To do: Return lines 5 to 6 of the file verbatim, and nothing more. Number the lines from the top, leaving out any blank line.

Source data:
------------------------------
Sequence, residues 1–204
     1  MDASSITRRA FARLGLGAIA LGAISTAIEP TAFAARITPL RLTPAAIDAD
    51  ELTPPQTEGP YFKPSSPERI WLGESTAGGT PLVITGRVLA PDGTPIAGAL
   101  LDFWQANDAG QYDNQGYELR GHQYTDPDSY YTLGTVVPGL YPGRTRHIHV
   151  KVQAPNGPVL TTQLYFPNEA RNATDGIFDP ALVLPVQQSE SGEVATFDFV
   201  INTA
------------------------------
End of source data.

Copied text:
   151  KVQAPNGPVL TTQLYFPNEA RNATDGIFDP ALVLPVQQSE SGEVATFDFV
   201  INTA